One of the most famous Russian Olympians, Evgeni Plushenko, has started the Winter Olympics with a bang. The 31-year-old figure skater is more than double the age of the Russian team’s other star figure skater, Yulia Lipnitskaya. And as we all know, aging and increasing pain go hand in hand. As a professional athlete, surgery is often added to this mix.
For two years in a row, Plushenko was found to be the most popular athlete in Russia, even ahead of track star Yelena Gadzhievna Isinbayeva and National Hockey League player Alexander Ovechkin. Plushenko is a four-time Winter Olympic medalist, winning silver in 2002 and 2010, and gold in 2006 and 2014 (team figure skating). The Sochi crowd roars when Plushenko skates.
Staying at the top for almost two decades has its price, though. Plushenko has had numerous surgeries including hernia surgery, knee operations, and back surgery including an artificial disc replacement. In January 2013, Plushenko underwent a successful artificial disc replacement surgery in Tel Aviv, Israel.
What is artificial disc surgery?
Artificial disc surgery is done by spine specialists with a Food and Drug Administration (FDA)-approved device. It involves replacing a diseased or damaged disc with an artificial disc, and usually takes place in the lower back also known as the lumbar spine. Artificial disc is a newer procedure that replaces the need for spinal fusion, which can be more invasive. It has been adopted by leading spine surgeons, including Microsurgical Spine Center (MSC).
This procedure is minimally invasive, and the artificial replica disc helps to alleviate the patient’s pain, and remove the risk of other spinal issues down the road. The goal of the surgery is to lessen pain and improve mobility.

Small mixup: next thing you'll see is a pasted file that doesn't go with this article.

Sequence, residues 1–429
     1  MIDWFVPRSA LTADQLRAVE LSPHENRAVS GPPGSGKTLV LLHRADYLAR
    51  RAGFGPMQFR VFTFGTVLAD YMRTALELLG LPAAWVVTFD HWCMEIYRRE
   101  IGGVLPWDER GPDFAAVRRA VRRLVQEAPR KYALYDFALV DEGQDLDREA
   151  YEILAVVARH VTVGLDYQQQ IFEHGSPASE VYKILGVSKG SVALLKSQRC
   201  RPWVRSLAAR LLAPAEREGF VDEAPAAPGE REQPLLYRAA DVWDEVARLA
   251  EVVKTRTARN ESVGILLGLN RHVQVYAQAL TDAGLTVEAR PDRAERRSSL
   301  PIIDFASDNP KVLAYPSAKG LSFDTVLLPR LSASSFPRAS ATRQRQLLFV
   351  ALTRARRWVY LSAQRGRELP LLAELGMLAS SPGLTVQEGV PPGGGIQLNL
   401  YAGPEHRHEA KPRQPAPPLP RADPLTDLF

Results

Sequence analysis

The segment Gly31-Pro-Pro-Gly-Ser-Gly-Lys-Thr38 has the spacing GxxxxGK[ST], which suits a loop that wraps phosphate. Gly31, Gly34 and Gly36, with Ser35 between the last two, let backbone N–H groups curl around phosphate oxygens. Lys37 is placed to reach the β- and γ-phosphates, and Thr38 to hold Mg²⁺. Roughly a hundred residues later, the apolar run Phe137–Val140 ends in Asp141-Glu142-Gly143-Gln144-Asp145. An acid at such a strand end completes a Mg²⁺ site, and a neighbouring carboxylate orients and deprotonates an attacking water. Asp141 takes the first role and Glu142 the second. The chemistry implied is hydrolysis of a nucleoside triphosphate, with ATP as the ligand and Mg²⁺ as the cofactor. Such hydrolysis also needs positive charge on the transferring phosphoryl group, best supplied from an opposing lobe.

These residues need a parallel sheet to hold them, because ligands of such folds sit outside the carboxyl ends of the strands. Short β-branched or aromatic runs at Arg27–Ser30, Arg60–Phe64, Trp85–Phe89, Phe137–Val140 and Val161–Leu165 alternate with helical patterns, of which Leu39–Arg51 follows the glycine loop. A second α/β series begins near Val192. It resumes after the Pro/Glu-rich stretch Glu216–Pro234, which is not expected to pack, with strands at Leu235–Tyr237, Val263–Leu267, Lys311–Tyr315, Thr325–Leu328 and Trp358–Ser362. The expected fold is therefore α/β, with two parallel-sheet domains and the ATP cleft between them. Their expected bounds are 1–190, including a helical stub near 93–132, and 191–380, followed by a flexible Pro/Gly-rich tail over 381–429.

Some benefits of artificial disc surgery include patients returning to normal activities in a few weeks, it is less invasive than many other surgeries, there is no brace needed, and disc replacement surgery prevents degeneration of adjacent discs. Artificial discs can enable patients who have degenerative spine conditions to get back on their feet faster.
Even though artificial disc surgery allows patients to return to activities quicker, activities is a relative term. For the average person, “activities” means lower-impact undertakings. Plushenko is pushing himself harder than someone who isn’t a professional athlete, upping his risk for re-injury.
UPDATE: Plushenko injured himself in training on February 13, and dropped out of the remainder the Olympics. He already won a gold medal in Sochi as part of the Russian team skating event, but this injury has likely ended his career. The injury was not disclosed but he was seen clutching his back and in an interview said he was unable to feel his legs from the back injury.
If you want to learn more about artificial disc surgery or if you have back pain, contact us. Or call our Medical Concierge at 800-890-1964.